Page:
Ocean Pollution
 
 
 


 












Ocean Pollution is a problem that directly affects ocean organisms and the natural balance. It indirectly affects human health and resources. Oil spills, toxic wastes and the dumping of other materials all contribute to the broad term 'Ocean Pollution'. Because oceans cover over 70% of the surface of the earth, water sources are the perfect carriers of pollution. Thus allowing for pollution to spread rapidly and to go all over the world via inter-connected seas.
 

 Oil Pollution:

Oil pollution is one of the highest publicized forms of Ocean Pollution. The majority of oil pollution is from spills or leakages of oil that originate from land or rivers, which in turn flow to the sea. The more direct form of oil pollution occurs when ships transporting the substance leak or crash.

Some of the oil washes up on the shore and becomes tar-like lumps; some coat the fur of animals (e.g. sea otters) affecting their natural heating system. Also, some oil finds its way to other water sources (such as lakes, rivers, and personal water supplies) causing hazardous water to be consumed. In extreme cases, rivers, lakes and wells have been known to ignite. For example, in 1969, the Cuyahoga River in Cleveland, Ohio ignited.
 
 
 

Toxic Wastes:

Toxic waste is the most harmful form of pollution to marine creatures and humans alike. Once a form of toxic waste affects an organism, it (the toxic waste) can be quickly passed along the food chain and might eventually end up as seafood, causing various problems. Toxic wastes arrive from the leakage of landfills, dumps, mines and farms. Sewage and industrial wastes introduce chemical pollutants such as PCB, DDT, and Sevin. Farm chemicals (insecticides and herbicides) along with heavy metals (e.g., mercury and zinc) can have a disasterous affect on marine life and humans alike.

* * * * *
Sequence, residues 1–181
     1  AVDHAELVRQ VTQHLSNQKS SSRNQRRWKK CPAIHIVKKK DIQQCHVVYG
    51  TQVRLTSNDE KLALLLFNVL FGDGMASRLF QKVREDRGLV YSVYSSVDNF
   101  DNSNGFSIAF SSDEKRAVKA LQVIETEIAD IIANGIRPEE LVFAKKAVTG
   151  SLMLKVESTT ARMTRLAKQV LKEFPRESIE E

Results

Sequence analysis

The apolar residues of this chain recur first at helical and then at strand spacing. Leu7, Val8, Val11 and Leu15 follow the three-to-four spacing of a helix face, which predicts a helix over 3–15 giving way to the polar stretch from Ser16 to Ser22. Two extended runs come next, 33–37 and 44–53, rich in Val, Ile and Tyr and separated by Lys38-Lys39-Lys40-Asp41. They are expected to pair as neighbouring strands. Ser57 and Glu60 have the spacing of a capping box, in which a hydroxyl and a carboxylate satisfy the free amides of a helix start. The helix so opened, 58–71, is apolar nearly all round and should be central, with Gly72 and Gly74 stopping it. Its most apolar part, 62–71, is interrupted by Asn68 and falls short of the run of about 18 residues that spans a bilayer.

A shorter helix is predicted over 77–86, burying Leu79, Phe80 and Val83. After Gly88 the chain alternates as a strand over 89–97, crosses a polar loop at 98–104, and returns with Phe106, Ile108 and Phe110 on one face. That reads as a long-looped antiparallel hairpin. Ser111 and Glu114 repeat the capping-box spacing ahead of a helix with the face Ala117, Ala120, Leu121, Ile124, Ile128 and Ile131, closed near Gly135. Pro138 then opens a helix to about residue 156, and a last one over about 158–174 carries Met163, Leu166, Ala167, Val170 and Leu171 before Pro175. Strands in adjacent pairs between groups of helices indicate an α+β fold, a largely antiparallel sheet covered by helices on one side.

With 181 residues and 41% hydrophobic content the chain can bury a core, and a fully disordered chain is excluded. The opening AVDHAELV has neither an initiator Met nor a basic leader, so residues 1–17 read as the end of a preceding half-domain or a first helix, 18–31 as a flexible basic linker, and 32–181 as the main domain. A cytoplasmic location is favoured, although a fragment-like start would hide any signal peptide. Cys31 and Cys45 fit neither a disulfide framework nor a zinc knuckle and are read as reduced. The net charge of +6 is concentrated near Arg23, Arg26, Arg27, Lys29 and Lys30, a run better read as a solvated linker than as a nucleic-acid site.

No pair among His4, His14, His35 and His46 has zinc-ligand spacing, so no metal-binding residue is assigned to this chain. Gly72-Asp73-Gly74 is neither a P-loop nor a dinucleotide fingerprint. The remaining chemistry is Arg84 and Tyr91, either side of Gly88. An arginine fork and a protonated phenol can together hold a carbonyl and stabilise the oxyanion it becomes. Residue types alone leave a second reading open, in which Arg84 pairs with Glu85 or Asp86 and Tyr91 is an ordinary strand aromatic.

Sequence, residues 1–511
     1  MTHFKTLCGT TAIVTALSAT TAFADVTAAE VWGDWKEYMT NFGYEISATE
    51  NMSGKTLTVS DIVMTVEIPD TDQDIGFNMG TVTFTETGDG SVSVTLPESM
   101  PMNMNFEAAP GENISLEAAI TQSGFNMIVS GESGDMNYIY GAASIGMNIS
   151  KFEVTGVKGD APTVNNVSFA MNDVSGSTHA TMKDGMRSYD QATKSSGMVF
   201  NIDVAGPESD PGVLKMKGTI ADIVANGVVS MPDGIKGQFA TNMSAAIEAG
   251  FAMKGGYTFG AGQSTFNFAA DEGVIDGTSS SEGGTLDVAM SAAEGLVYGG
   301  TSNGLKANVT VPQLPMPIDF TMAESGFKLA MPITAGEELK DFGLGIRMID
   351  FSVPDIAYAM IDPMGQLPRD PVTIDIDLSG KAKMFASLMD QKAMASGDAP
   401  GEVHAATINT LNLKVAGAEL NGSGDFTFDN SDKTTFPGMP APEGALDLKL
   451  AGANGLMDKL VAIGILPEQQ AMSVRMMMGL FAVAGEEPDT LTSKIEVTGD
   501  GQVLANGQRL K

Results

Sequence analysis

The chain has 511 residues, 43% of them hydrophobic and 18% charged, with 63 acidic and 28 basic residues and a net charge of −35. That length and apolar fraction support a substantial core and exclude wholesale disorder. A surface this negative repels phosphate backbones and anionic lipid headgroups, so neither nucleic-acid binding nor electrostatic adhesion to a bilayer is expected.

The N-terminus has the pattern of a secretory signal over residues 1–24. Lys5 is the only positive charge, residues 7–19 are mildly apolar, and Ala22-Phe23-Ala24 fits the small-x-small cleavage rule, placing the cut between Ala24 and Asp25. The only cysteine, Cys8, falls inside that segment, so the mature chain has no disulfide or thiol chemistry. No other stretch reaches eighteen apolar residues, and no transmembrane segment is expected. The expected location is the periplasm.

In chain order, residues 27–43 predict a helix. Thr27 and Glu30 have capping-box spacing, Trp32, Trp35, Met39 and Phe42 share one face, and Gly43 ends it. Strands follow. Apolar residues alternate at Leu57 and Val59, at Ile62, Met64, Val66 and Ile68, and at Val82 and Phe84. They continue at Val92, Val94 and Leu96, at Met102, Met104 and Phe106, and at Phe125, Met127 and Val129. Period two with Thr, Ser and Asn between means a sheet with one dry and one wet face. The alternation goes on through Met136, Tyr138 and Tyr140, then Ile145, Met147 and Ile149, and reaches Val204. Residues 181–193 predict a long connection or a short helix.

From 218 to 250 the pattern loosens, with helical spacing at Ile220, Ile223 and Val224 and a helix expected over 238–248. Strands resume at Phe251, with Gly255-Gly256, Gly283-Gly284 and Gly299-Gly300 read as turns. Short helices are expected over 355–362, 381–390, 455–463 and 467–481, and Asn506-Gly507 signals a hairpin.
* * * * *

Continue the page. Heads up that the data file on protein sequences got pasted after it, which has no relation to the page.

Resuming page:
Radioactive wastes, reactor leaks, natural radioactivity, and radioactive particles which originate from the Atmospheric Testing Program from explosions of nuclear weapons are dispersed in water all over the world. The effect of these radioactive particles is currently being researched.

All of these factors allow seafood to have a chance of being hazardous to human health. For example, if a fish is contaminated with the metal Mercury (by either eating it or consuming a creature who had), birth defects and nervous system damage in humans may result. Also, Dioxin causes genetic and chromosomal mutations in marine life and is suspected of causing cancer in humans.

Medical wastes, such as stale blood vials, hypodermic needles, and urine samples that have been found in ocean around the U.S. are being researched to determine if swimmers have a chance of contracting Hepatitis or AIDs from such wastes. Other wastes have been known to cause viral and bacterial diseases such as cholera, typhoid, dysentery, and diarrhea.
 
 

Ocean Dumping:

The lawful ocean dumping of various pollutants was once common practice, but is now regulated. However, the wastes that were dumped into the ocean in the early 1900's remain there still. Human wastes, ground-up garbage, water from bathing, and plastics all contribute to ocean dumping.

Examples of trash found in the ocean are: syringes, labratory rats, human stomach lining, Navy decontamination kits, test tubes with various substances (with radioactive markings), tampon applicators, and a wallet-sized photo of a dead communist dictator.

One of the main causes of trash finding its way to the ocean is the fact that some sewage pipes share their space with storm water drains. Rainfall (at least 1/4 of an inch), causes the sewage pipes to flood and the sewage wastes (basically anything you flush down your toilet), mingles with the storm water drain which flows unhindered to a water source.

Balloons have been known to find their way into animals such as sperm whales, blocking their digestive tracts; causing the animals to die. Plastic six-pack rings choke various animals and other waste is mistaken by animals for food. Basically any unnatural trash can be harmful to ocean life.